The battle sequences are extremely well done and serve to show the bravery inherent on both sides. The steady calm approach of the Zulus under the devastating fire brought on them by the British.

Again and again they are showing charging the ramparts without hesitation or fear under murderous rifle fire. The steady resolve of the British, actually Welsh for the most part, Infantry is shown too.

Firing and reloading as if robots, the result of their lengthy training and superb discipline. These "scum of the earth" demonstrate why there once was a British Empire. The savagery of the hand to hand combat, especially in the confines of the burning hospital are captured perfectly.

Perhaps the most powerful scene comes near the finale. The Zulus to boost their courage for one final charge and to intimidate their enemies commence to sing. In response the tired, bloody but unbeaten defenders also start to slowly sing an old Welsh hymn, "Men of Harloch."

The camera quickly shifts between the two groups. First thousands of warriors chanting in deep melodious voices and punctuating it by stamping their feet and rattling their Assegais against their cow hide shields are shown. Then it shifts to the small group of men behind makeshift barriers, their faces blackened with powder bums, most wounded with dirty, bloody bandages, softly singing through parched lips.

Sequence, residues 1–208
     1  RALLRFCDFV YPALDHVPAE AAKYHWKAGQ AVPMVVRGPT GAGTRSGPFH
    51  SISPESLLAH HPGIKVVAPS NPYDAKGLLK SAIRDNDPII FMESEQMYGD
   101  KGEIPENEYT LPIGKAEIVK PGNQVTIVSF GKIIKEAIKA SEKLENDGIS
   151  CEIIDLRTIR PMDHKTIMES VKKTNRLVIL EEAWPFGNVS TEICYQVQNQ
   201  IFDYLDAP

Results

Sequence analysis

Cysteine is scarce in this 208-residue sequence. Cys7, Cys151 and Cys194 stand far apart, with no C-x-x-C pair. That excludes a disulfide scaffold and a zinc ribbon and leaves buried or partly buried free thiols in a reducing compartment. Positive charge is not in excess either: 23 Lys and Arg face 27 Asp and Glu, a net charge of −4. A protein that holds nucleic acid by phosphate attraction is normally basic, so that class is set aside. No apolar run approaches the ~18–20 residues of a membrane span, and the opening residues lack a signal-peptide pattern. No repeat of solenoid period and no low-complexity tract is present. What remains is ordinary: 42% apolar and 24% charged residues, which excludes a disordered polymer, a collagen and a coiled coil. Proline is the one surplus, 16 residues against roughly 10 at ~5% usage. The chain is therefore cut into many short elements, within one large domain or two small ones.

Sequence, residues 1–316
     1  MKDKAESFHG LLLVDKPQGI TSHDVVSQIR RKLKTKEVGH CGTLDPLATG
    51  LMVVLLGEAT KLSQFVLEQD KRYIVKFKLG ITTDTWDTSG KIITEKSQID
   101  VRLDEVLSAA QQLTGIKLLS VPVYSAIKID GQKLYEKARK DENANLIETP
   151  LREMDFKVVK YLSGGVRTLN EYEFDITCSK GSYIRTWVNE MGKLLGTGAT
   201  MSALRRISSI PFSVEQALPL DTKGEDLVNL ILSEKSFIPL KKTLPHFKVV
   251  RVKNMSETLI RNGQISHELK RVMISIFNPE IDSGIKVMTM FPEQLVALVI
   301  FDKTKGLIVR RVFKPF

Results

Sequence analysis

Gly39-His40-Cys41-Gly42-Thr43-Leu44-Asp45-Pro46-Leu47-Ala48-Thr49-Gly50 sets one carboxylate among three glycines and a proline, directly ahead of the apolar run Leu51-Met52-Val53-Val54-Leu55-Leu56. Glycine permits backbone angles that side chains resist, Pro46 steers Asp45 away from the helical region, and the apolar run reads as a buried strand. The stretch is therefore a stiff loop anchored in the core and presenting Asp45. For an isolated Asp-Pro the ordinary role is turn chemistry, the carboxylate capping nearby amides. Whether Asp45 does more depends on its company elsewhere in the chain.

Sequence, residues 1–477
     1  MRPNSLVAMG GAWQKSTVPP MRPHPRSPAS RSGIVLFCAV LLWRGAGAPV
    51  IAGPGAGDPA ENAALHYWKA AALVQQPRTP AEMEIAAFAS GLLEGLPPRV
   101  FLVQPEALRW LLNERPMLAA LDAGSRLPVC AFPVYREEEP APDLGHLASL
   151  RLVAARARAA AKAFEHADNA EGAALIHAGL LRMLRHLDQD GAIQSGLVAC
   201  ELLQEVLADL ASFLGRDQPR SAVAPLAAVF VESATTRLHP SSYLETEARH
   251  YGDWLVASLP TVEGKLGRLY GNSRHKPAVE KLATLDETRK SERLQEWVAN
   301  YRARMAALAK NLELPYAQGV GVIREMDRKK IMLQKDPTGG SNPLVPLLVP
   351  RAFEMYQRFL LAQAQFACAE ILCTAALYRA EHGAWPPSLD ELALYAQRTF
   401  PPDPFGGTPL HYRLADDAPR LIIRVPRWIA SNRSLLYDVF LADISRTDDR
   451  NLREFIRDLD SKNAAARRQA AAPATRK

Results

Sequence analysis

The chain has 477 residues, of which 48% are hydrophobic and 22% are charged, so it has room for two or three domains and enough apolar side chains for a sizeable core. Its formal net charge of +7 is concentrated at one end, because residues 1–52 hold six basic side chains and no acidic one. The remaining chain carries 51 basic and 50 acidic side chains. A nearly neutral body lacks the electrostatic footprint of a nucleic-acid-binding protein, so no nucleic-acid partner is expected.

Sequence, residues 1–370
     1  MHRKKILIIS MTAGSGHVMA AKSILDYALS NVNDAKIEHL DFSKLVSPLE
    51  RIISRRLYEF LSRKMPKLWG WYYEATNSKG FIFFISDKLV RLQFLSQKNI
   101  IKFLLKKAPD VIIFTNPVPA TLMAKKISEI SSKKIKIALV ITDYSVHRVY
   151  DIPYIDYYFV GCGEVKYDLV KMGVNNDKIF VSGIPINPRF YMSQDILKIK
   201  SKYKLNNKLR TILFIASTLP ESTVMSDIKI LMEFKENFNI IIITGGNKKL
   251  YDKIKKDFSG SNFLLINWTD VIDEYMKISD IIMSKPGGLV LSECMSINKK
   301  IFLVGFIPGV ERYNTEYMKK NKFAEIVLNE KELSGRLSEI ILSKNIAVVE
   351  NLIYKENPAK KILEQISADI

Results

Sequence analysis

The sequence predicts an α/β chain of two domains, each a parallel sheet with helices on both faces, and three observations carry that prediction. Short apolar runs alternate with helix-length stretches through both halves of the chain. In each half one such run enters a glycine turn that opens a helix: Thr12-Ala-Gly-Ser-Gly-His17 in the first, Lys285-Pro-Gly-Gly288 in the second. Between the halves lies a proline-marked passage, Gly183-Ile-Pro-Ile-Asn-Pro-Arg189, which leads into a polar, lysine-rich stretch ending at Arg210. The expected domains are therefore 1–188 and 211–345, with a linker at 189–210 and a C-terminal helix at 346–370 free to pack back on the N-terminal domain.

The camera cuts from one group to the other, as the scene builds in intensity. Finally it ends with the Zulus throwing themselves one final time at the British defenses and the final devastating volleys of rifle fire that end the battle.

Complimenting this visual feast is the fantastic music score. It is subtle through most of the movie, but at then it intensifies as to for shadow and compliment the drama unfolding before us.

The movie is a realistic portrayal of the actual events. Great attention to detail in regards costumes, weapons, tactics and personalities are evident.

Although most of the movie is told from the British viewpoint, the Zulus are not slighted. Their martial skill and bravery are well documented.

More than 700 Zulus, descendants of the actual warriors who took part in the battle were cast as extras. Nowadays a film maker would probably call the folks at Industrial Light and Magic to recreate the massed tribes through CGI rather than go to this expense. The then chief of the Zulu Nation Buthalezi even decided to portray his predecessor, Cethawayo.

Edenfield‘s, co producer Stanley Baker stars as Lieutenant John Chard, the engineer officer, who by a fluke found himself at Rorke‘s Drift. Then by virtue of seniority became the commander of the garrison. Baker does a credible role as the reluctant leader and hero.

A young Michael Caine in his first starring role portrays the commander of "B" Company, Lieutenant Bromhead. Caine turns in an excellent performance as the arrogant and inexperienced young officer who quickly learns both respect for his enemy and how inglorious war really is.

The cast is rounded out by superb performances by a score of character actors including Nigel Green and Jack Hawkins playing the various key players in the battle. Finally a narrative voice over is provided at the beginning and end of the movie by Richard Burton. The classically trained actor‘s rich voice serves to convey the importance of the event in British military history.